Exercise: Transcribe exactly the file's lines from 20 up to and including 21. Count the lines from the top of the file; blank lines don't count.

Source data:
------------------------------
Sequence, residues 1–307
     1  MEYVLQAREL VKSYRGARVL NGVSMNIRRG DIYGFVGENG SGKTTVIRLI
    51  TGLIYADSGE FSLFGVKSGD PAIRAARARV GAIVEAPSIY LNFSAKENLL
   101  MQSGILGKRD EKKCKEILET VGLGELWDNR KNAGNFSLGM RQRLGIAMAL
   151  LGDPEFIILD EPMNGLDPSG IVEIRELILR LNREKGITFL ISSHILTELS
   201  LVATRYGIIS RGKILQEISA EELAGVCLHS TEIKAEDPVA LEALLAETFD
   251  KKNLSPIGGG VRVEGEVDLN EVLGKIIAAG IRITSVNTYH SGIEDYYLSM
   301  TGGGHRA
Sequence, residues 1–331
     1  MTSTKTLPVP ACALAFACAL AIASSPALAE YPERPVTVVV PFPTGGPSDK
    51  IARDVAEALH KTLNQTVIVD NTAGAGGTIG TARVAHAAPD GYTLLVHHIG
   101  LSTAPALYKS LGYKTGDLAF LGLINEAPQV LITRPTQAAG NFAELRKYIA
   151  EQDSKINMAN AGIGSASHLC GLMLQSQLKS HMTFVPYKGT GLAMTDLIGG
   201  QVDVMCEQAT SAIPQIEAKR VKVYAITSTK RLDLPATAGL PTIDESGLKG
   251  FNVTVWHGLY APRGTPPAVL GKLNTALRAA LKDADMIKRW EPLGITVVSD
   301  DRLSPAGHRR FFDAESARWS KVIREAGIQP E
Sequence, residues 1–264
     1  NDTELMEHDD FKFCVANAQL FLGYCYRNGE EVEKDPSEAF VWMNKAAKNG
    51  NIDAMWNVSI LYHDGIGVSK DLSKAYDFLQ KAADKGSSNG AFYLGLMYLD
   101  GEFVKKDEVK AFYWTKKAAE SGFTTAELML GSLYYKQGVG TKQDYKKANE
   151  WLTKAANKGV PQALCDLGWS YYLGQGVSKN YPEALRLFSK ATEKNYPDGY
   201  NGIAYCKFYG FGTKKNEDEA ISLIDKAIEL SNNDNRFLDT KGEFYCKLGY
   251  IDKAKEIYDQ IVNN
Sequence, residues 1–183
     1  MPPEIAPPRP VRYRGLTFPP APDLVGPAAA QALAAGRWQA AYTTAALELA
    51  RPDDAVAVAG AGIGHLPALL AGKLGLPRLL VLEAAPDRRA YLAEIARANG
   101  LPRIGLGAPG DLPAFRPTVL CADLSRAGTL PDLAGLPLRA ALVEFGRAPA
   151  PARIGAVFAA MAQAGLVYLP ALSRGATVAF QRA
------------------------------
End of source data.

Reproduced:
   101  GEFVKKDEVK AFYWTKKAAE SGFTTAELML GSLYYKQGVG TKQDYKKANE
   151  WLTKAANKGV PQALCDLGWS YYLGQGVSKN YPEALRLFSK ATEKNYPDGY